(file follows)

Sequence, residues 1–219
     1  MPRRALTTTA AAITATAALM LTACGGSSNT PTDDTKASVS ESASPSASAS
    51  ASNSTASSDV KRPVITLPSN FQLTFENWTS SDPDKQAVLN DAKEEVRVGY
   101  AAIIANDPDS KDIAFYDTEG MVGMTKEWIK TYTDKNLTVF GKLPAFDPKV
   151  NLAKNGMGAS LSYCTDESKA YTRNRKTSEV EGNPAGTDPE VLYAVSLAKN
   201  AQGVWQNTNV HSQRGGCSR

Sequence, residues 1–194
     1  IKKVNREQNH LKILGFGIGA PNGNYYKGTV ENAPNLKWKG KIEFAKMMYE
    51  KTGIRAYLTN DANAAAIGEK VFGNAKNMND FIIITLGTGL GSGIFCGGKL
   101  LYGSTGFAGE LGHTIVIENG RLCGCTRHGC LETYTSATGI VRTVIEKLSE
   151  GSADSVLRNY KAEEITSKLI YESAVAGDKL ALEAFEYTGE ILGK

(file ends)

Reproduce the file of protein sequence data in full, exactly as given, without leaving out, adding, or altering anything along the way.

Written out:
Sequence, residues 1–219
     1  MPRRALTTTA AAITATAALM LTACGGSSNT PTDDTKASVS ESASPSASAS
    51  ASNSTASSDV KRPVITLPSN FQLTFENWTS SDPDKQAVLN DAKEEVRVGY
   101  AAIIANDPDS KDIAFYDTEG MVGMTKEWIK TYTDKNLTVF GKLPAFDPKV
   151  NLAKNGMGAS LSYCTDESKA YTRNRKTSEV EGNPAGTDPE VLYAVSLAKN
   201  AQGVWQNTNV HSQRGGCSR

Sequence, residues 1–194
     1  IKKVNREQNH LKILGFGIGA PNGNYYKGTV ENAPNLKWKG KIEFAKMMYE
    51  KTGIRAYLTN DANAAAIGEK VFGNAKNMND FIIITLGTGL GSGIFCGGKL
   101  LYGSTGFAGE LGHTIVIENG RLCGCTRHGC LETYTSATGI VRTVIEKLSE
   151  GSADSVLRNY KAEEITSKLI YESAVAGDKL ALEAFEYTGE ILGK